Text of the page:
The protesters carried signs and banners. One read, “All Cops are Murderers.”  Others listed the names of recent police victims. RAIM brought signs that read : “Fuck Pigs (And Snitches),” “Self Defense Makes Sense, Defeat Nazi Pigs,” and “Revolution is Good! Resist Amerikkkan Occupation.” Unlike other activist marches in the city, the militancy of this march was evident from the beginning.  The march started with a chant “No Justice No Peace, Fuck the Police.”  Other chants that echoed through the march were “Oink Oink, Bang Bang, Everyday the Same Old Thing,” “Cops, Pigs, Murderers,” and “When Our Communities Are Under Attack, What Do We Do? Stand Up, Fight Back!”  RAIM also did its modest part to raise the militancy of the march, helping lead and initiate such chants through a megaphone.

Overall, like most marches in the First World, the message was mixed to the effect of confusing friends and enemies and in the process miscalculating the actual strength of each.

One positive thing was the rhetorical refutation of pacifism. When the crowd began chanting emotionally-charged slogans, one person put up a peace sign with their fingers. One pacifist type berated a RAIMer for leading slogans against the pigs through a megaphone, saying to us some metaphysical tripe about love conquering hate and peace overcoming violence.  We politely brushed the person off and continued to assist in leading chants. Beyond the inane idea that RAIM-Denver was acting violently with no more power than a megaphone is the ideological wrecking-ball that is pacifism. While ultimately the degree of militancy in a single march in Denver is inconsequential, the idea itself, spread by well-to-do cracker-liberals from places like Boulder and Denver, is poisonous to the struggles of oppressed and exploited peoples globally. In a sense, pacifism is much like Christianity in that it is promoted to Third World peoples by Amerikans and various organizations they support, to the effect of diverting the proletarian from actual strategies for liberation. (We suggest everyone read Pacifism as Pathology by Ward Churchill and Negroes With Guns by Robert F. Williams for arguments against pacifism.)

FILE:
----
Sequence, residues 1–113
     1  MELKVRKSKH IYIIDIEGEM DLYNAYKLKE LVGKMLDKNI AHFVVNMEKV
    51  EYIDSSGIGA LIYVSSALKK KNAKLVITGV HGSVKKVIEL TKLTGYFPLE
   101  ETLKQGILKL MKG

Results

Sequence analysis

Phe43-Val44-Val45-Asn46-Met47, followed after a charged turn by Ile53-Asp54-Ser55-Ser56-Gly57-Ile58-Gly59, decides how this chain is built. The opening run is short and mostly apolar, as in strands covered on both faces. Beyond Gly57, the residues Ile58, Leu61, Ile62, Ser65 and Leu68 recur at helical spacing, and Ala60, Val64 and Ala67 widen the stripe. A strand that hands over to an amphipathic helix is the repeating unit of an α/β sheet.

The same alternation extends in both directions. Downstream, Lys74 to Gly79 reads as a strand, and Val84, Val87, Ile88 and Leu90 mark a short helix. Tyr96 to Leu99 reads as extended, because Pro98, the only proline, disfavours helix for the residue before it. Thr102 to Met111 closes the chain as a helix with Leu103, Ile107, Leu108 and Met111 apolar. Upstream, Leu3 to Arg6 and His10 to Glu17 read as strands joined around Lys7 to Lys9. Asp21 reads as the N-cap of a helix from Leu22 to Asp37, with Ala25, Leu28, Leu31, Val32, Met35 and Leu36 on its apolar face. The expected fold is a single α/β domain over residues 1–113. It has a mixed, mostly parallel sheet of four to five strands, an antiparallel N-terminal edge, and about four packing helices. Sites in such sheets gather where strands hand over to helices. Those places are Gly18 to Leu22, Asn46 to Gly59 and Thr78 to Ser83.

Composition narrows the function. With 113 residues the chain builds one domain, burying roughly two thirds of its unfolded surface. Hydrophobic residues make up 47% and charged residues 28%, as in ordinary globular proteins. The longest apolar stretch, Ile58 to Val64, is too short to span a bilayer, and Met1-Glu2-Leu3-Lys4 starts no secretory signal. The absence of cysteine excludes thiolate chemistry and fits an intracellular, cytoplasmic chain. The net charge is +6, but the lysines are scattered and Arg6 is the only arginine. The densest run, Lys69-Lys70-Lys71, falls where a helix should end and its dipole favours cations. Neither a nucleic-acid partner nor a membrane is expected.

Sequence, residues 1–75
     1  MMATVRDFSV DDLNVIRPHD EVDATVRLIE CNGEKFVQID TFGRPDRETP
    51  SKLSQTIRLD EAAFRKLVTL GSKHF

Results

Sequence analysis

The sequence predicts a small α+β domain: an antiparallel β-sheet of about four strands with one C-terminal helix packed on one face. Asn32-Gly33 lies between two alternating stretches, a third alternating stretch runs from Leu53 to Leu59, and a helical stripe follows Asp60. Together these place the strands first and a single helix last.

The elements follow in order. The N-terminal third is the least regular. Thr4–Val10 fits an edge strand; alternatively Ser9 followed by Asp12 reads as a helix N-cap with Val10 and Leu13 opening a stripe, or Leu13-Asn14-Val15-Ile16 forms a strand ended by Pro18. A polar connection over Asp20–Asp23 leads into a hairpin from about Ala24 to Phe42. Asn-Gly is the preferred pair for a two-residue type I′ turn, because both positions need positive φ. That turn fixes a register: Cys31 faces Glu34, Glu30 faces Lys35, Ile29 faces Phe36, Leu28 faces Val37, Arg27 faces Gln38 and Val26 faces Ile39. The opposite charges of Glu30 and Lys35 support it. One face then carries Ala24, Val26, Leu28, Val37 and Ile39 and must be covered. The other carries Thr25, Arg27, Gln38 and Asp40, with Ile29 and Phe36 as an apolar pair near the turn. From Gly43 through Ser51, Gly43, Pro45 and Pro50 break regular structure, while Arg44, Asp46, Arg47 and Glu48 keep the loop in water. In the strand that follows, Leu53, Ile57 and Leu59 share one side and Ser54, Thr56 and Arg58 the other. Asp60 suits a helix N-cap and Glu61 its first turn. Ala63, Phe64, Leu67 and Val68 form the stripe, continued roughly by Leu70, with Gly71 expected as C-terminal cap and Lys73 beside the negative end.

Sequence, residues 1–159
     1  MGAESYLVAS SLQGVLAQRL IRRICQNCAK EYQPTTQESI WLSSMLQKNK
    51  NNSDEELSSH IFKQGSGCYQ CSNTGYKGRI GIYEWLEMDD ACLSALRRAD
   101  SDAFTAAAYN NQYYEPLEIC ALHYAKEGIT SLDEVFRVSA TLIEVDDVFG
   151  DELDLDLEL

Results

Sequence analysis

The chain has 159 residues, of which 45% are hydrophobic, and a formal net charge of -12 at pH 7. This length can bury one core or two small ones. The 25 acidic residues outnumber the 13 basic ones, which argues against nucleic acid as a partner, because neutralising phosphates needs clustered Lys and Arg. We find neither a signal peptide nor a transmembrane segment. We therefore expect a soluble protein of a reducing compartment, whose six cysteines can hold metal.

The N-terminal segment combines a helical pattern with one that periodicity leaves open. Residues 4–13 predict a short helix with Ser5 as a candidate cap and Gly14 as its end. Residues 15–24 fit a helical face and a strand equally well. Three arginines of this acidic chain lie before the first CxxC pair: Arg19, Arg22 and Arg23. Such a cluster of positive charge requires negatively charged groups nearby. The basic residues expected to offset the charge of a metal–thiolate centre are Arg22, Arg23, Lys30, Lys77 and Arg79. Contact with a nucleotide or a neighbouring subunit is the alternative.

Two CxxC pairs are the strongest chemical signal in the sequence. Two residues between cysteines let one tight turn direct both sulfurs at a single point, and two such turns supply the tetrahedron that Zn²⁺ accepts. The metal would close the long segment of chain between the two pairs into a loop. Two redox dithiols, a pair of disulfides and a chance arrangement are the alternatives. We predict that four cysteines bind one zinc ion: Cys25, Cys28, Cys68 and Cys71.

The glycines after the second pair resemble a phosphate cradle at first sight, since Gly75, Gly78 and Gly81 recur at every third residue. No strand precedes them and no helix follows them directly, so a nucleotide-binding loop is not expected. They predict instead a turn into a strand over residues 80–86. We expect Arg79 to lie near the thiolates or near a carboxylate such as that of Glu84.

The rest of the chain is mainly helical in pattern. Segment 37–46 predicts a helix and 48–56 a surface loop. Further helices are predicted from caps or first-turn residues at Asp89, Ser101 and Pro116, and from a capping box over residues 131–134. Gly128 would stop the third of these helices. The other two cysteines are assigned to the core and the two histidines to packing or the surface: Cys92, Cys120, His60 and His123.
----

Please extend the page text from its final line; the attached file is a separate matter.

With the presence and influence of pacifists and deescalaters limited, the march soon took parts of the streets, which isn’t usual for Denver protests. The pigs themselves stayed out of sight the whole time. This was a PR tactic as their presence would have surely escalated the toned of the march further and perhaps created even more instances of brutality. But we are sure that they were observing the march from a distance.

At the end of the march, in front of the Injustice Center, the crowd chanted “Fire to the Prisons” and Asesinos, Spanish for “Assassins.”  There were speeches by activists highlighting the above pig terror cases and by victims of pig brutality telling the crowd their experiences.  A coffin symbolizing the death of Marvin Booker was brought by the marchers and left there at the jail.

Common with virtually all protests in Denver and occupied North America was the great number of stares from people not participating. At times, the march walked past restaurants in affluent neighborhoods. Some protesters expressed affinity with the diners, encouraging them to join the march. Allusions were made that even the rich ‘liberal’ Denverite gawkers would “stand up” against the police.